Coastal Squeeze and Rollback

It is generally accepted that sea-levels are rising in Britain, although there are many opinions about the causes and the rates. Most scientists believe that the rate of sea-level rise has already accelerated and will continue to do so until levels of atmospheric carbon-dioxide start to be reduced.

Regardless of the cause or rate of sea-level rise the effects are the same, in a natural system land is “lost” and becomes sea. With a high coastline this manifests itself as erosion of the cliffs, but with a gently rising coastline the result is a slow movement of the shoreline inland – so over time a particular piece of land will change from dry land to shoreline shingle or mud, then foreshore and eventually to sea. The rate of change will depend on sea-level rise, but also on how “dynamic” the environment – how exposed it is to tide and waves.

In the case of a defended coastline if defences are maintained and increased to take into account the sea-level rise (Hold the Line in SMP’s etc) this results in the seaward side of the defence continuing to develop naturally – ie change from foreshore to sea, but the landward side remains the same. The result, known as “Coastal Squeeze” is that the foreshore (Sand, shingle or salt-marsh) is slowly lost together with the natural transition zone from land to sea.

The habitats of these ephemeral transition zones are both rare and important and as a result many are designated under international, European and National designations which require them to be protected.

We are very fortunate locally as the New Forest Coastline contains some of few areas where there is natural gently rising coastline. This is rare, particularly in Southern England, where most of coastline is heavily managed and defended to provide flood and erosion protection. These areas show a natural graduation from farmland, often to a narrow strip of woodland, then to a foreshore, often with the remains of fallen trees, to foreshore and salt-marsh.

The narrow strip of woodland provides a unique habitat, and the tree-roots will slow, and control the rate erosion. The fallen trees also provide a unique habitat and make the shoreline interesting and very different from most other places.

Within the Solent Protection Society we believe that these unique habitats should be maintained, by natural processes, and that they cannot be maintained by traditional engineering works. The most effective way to maintain the habitat is to allow natural roll-back. This should be done by allowing natural regeneration of indigenous vegetation, particularly woodland, along a margin between farmland and the coastal strip.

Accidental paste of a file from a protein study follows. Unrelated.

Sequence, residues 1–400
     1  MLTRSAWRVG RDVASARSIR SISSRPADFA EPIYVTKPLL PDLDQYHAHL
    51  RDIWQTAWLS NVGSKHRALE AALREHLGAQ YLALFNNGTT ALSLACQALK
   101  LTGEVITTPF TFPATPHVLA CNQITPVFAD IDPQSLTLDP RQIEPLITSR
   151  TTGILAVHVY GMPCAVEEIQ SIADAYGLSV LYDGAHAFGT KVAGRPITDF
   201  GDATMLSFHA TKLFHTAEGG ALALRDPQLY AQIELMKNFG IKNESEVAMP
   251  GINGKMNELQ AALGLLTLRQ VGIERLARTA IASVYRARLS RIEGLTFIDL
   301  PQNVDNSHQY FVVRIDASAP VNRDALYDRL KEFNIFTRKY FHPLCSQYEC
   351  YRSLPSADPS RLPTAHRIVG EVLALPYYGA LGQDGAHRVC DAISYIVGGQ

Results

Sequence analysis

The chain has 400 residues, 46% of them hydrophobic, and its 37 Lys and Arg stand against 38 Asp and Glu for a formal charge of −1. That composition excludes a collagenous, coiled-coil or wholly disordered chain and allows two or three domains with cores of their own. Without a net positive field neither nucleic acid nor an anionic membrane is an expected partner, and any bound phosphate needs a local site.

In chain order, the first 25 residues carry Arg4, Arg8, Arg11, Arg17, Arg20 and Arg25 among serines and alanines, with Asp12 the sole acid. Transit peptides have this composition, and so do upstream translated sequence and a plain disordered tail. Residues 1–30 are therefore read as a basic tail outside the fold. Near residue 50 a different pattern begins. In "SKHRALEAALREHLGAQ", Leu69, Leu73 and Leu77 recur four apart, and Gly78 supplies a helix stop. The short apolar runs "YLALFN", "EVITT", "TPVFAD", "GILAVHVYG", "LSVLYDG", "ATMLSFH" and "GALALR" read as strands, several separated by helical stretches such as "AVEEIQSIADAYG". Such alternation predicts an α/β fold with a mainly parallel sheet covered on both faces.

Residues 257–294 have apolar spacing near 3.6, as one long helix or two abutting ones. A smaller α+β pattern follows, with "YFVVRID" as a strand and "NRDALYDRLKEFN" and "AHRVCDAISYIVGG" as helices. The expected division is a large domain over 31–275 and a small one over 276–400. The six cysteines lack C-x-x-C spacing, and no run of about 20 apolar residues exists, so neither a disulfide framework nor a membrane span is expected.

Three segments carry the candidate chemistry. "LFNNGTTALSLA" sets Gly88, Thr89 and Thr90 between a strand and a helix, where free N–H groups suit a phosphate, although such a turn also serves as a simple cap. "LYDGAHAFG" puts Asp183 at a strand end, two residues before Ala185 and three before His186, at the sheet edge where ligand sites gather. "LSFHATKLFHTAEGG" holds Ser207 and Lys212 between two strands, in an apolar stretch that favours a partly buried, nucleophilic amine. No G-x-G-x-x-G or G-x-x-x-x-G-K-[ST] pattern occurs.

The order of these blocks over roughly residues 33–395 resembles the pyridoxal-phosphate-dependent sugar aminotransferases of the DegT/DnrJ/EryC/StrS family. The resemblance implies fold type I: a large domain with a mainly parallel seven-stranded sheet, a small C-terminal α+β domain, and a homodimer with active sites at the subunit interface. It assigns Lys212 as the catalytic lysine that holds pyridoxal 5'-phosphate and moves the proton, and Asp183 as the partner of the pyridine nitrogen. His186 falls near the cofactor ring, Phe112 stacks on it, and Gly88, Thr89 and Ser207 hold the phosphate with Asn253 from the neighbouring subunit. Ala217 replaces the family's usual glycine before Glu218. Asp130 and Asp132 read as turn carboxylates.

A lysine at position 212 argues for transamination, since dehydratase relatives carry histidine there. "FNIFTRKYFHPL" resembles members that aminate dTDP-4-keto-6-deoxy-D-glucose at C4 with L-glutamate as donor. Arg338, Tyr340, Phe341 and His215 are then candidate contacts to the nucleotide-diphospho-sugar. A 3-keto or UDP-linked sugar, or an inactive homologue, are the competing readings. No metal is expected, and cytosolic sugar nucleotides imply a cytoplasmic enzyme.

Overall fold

We would welcome members opinion of how these habitats should be managed and whether this should be funded by public authorities, or whether the landowner should be expected to manage appropriately.

Innovative sea defence repairs using ‘Concrete Canvas’

We are interested to note this piece from the Eastern Solent Coastal Partnership website.  Parts of the sea defences on the Warblington shore line, compromised during last winter’s storms, have been effectively repaired using a new technique.  IMG_5065

The repairs commenced on 1st August 2018 to the worst damaged sections of wall, where the concrete rendering had detached itself from the main wall structure and was laying on the foreshore of the harbour. The works were delivered by ESCP and were carried out by contractors Graham Attrill Civil Engineering Ltd., from the Isle of Wight on behalf of Havant Borough Council.

Within two weeks the works were completed using an innovative material called Concrete Canvas, used by Havant Borough Council for the first time. The Concrete Canvas was delivered to site as a roll of concrete impregnated fabric, which was cut to length and draped oIMG_5116ver the wall, allowing the fabric to follow the contours of the internal wall beneath. Once in place, the fabric was sprayed with freshwater to activate a concrete fibre embedded within.  The concrete fibre forms an impermeable, energy absorbing concrete casing, perfect for withstanding wave action. The material repaired the seawall and will protect the internal structure from further erosion.

Following completion of the works, ESCP staff will continue to monitor coastal structures within the harbour on an annual basis. This will help inform any future works and allow ESCP to identify changes in structure condition within the HBC borough.

(Information Source – Eastern Solent Coastal Partnership.)

Southsea Seafront consultation closes on the 27 August

The Southsea Coastal Scheme have had well over a thousand survey responses so far – but still want more.

You can view the consultation materials here. There is scheme visualisation on YouTube here with audio description. If you visited their events and want to jump straight to the survey, you can find it here.

Once the feedback has been analysed, a cross-party working group at Portsmouth City Council will review the evidence and make a decision on which options to take forward. The Southsea Coastal Scheme will hold further public exhibitions in early November, before seeking planning permission towards the end of this year. Residents will again be able to give feedback to the council at this stage.

The consultation closes at 11.59pm on Monday 27 August 2018.